USAID’s Shah continues leadership in science and innovation
Late last week, USAID Administrator Rajiv Shah released his second annual letter, outlining major issues and initiatives that have shaped the agency since its inception 50 years ago. Shah also charts a course forward for USAID, detailing areas that the agency should focus on in the coming years in order to make inroads in international development. One major area of focus is, of course, global health, and Shah rightly emphasizes the role of science, technology, and innovation in meeting USAID’s international health goals.
The health component of the annual letter largely aligns with a recent effort at USAID to improve child survival. “[P]erhaps the most important choice is helping all children live to see their fifth birthday,” Shah writes, adding, “The good news is we have remarkably effective and cheap ways to help children survive.” Many of these methods—from insecticide-treated bednets to prevent malaria, antiretroviral drugs to prevent mother-to-child HIV transmission, and vaccines to prevent childhood killers like pneumonia and diarrhea—are available today because scientists and funders like the US Government made a commitment many years ago to develop new tools to fight these diseases. The new tools of yesterday have now become the standard tools to help children survive.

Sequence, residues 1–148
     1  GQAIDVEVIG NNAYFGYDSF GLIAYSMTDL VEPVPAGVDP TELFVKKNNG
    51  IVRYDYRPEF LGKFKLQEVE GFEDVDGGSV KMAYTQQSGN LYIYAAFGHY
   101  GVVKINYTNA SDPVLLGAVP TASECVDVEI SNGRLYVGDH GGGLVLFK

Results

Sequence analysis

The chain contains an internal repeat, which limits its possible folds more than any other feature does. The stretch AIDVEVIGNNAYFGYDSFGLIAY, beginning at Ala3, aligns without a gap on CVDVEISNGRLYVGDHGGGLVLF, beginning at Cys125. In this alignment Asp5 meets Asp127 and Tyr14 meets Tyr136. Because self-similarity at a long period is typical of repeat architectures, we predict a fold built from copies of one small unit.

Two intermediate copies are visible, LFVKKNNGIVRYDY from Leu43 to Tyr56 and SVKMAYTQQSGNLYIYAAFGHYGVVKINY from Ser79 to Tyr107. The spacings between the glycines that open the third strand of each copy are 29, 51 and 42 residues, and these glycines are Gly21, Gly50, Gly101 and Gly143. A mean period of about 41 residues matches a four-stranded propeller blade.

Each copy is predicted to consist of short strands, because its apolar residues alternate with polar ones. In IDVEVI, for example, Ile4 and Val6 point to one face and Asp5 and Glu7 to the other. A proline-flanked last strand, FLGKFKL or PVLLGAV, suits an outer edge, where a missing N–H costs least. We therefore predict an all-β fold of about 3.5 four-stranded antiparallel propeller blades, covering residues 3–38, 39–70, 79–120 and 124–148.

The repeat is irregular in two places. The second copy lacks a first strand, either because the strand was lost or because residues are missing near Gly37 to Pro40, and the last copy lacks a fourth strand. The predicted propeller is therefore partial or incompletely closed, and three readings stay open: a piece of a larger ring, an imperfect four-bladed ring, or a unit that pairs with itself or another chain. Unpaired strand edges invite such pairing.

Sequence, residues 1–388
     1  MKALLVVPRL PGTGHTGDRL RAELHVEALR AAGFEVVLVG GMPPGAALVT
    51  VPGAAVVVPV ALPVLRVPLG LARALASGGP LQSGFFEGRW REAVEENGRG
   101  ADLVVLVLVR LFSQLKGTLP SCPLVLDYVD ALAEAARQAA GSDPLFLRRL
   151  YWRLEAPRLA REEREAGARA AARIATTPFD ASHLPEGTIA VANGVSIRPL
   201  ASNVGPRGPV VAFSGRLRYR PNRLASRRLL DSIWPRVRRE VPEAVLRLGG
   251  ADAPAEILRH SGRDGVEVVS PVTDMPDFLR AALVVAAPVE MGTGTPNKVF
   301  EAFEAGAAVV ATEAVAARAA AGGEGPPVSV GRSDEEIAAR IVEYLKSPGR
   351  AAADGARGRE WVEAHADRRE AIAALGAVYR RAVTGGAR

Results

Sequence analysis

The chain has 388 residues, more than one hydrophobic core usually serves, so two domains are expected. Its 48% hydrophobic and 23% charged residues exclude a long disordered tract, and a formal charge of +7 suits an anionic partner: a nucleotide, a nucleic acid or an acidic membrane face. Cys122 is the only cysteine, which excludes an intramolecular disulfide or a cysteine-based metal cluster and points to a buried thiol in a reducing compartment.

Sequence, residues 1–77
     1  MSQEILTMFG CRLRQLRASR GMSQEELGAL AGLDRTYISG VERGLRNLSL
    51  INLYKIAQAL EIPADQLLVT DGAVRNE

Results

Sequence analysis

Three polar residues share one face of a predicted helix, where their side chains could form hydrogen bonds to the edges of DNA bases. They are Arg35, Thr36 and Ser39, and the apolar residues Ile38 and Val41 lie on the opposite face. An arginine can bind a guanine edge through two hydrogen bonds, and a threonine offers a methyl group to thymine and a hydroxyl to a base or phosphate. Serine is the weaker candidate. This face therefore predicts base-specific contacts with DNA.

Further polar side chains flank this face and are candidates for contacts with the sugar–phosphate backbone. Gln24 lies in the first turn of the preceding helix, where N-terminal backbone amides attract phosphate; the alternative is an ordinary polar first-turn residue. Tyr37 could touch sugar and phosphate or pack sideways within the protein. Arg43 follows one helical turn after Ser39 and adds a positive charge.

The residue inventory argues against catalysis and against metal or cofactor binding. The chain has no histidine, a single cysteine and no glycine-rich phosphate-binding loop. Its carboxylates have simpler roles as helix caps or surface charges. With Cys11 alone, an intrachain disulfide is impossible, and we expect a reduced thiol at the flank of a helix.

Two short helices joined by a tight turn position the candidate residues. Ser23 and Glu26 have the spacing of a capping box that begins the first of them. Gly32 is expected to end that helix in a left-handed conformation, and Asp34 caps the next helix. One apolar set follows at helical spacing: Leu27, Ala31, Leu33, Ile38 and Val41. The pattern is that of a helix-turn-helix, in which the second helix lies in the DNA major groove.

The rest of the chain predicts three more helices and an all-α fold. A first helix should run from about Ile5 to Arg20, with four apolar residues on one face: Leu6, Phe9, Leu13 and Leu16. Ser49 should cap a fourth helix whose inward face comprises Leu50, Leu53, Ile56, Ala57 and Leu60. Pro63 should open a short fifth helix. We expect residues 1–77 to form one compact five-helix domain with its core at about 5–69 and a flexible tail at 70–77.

- Late last week, USAID Administrator Rajiv Shah released his second annual letter, which emphasizes science and innovation.
Shah also highlighted how USAID continues to harness science and research to develop the next generation of new drugs, vaccines, and other technologies to save children’s lives. For instance, USAID’s Savings Lives at Birth initiative provides grants to foster innovative prevention and treatment options for pregnant women and newborns in rural, low-resource settings.
USAID also supports research and development (R&D) for new health tools to benefit not just children, but a wide range of populations. “We’re also increasing our investments in core scientific research and technological innovation at USAID,” the letter reads. “Last year, our support of AIDS vaccine research led to the isolation of 17 novel antibodies that could each hold the key to ending the pandemic.” And just last month, the agency launched a new partnership with US colleges and universities to promote research for global development challenges, including health.
It’s exciting to see that Shah continues, time and again, to recognize how science and innovation can overcome some of the world’s long-standing global health problems. We at the GHTC heard just two weeks ago at our annual Congressional briefing that health R&D produces real results for people at home and abroad. It’s heartening to have a leader at USAID who is so committed to the power of research, and who continues to provide such critical leadership.